Interestingly, though municipal bondholders play second-fiddle to hemorrhaging pensioners, whose benefits rely on dismal funding ratios, credit agencies haven’t downgraded the bonds as one would expect.  Why?  Accounting.  The assets that compose the funding ratio’s numerator already factor in their overexpected returns, compounded until the corresponding liabilities come due.  The figures are inflated, idealized.  Current assets hang far lower and, if compounded by the riskless rate, would warrant a painful correction from the bonds’ prices today.

Worse yet, falling funding ratios suffer from negative feedback loops in practice.  For example, if I have $100 and must pay $10 each year, a constant denominator, I can earn 10% annually and maintain my principal.  However, if I decrease my cash and denominator by $50 and still earn 10%, I must reduce my cash stock by $5.  With $45 remaining, I’d siphon another $5.50 away and exponentially so.  Municipal bonds, once investors calculate funding ratios using current returns and for themselves, fall with similar gravity.

A fall in municipal bond prices would ripple most notably in the ease of states to borrow.  Inversely rates rise and render projects more costly—at a time when the federal level encourages them most.  Tax revenue must either rise to accept them or shrivel as public works, like tolls, crumble without replacement.  As such, downward spiral for whole municipalities waits in line after those of its pensioners, bondholders, and taxpayers.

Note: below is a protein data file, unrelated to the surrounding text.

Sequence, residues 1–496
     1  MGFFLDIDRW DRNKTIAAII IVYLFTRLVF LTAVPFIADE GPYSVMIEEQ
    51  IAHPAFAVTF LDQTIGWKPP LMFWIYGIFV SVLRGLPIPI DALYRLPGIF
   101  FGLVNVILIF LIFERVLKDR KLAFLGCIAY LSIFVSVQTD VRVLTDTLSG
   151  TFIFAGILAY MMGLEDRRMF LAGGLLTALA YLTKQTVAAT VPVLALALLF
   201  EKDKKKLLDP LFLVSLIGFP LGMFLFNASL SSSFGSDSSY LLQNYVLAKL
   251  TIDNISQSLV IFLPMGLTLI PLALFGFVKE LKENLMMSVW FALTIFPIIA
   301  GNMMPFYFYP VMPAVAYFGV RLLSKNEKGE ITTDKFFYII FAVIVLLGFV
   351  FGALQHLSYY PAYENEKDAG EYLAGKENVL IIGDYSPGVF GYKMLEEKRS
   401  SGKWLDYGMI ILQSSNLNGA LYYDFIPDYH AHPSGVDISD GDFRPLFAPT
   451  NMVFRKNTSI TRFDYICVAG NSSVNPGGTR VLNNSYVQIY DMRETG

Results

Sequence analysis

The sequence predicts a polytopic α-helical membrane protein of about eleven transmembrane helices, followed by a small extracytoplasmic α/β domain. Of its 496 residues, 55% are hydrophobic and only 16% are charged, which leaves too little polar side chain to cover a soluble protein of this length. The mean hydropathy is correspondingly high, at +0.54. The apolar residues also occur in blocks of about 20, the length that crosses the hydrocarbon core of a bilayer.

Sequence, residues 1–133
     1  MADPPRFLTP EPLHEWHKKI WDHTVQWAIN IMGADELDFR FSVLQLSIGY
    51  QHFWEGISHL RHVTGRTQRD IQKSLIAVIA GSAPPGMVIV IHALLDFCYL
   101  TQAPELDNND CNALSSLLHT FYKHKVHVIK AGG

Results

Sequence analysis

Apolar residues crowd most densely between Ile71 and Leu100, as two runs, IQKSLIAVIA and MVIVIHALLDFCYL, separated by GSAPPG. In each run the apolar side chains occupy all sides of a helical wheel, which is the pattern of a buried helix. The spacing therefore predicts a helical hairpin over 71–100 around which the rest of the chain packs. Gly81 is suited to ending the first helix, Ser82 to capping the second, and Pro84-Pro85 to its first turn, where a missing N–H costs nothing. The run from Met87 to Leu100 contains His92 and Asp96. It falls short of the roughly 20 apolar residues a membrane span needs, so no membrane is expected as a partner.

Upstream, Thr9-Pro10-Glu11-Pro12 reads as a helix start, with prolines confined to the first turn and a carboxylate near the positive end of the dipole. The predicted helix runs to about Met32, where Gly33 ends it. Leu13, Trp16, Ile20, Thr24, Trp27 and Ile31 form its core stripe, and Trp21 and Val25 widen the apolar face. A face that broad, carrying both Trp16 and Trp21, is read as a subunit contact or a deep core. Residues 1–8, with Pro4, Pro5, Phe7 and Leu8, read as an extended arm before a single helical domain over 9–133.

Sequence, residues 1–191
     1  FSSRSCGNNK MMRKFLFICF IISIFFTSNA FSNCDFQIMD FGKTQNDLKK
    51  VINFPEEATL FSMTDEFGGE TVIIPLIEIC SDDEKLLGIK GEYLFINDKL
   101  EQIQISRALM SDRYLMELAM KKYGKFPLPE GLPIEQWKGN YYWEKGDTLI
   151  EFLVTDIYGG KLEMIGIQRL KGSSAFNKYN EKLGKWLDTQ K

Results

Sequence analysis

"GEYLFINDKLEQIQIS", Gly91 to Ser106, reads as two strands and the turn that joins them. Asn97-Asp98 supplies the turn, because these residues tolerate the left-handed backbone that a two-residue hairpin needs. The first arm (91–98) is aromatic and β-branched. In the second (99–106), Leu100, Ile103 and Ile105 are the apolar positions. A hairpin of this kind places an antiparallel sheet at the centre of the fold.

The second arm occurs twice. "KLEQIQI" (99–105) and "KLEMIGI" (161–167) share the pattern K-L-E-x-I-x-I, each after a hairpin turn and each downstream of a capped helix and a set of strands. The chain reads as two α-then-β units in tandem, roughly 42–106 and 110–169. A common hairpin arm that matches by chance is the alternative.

While this is not the place to draw fine lines, incentives speak volumes.  When opportunities at hand diminish, those hands seek new ones. If Dallas expects its officers to engage in sniper warfare, as it did in January, life after sacrifice requires viability.  If citizens and investors expect their governments to borrow cheaply and support their assets, solvency is priority.  The flow of talent to the public sector may slow further, as the perks of the job fade away—a complaint even at the highest of offices.  As a country, we are short on examples of municipal bankruptcy and, if Dallas and Chicago follow as they may, our national creditworthiness may experience a correction of its own.

The $5 trillion unfunded liability of state pension funds, though not included, matches one quarter of today’s gross national debt.  Bailouts will trigger a credit expansion that’s long brought dread to economists, especially in an era of rising rates—assuming that lift comes to bear.  Barring such stimulus, bankruptcies will dust the backbone of our retiring populations and diminish the recruiting power of public institutions.  As isolated black eyes see the light of day, first in the Windy City, the national focus we present to the world will blur.  As we put out fires, growth and productivity will drag behind long enough that treasury bonds may lose their godsend status; the term ‘risk-free’ may dissolve altogether.  Albeit, this development may and likely will take 15-20 years, and much can be done by then; excluding redemptions, this Dallas Pension is expected to run dry within 14 years.  However, given the peaks of Treasuries today and their rigidity, as well as the negative feedback loops inherent in the crisis at hand, it’d be a painful fall down.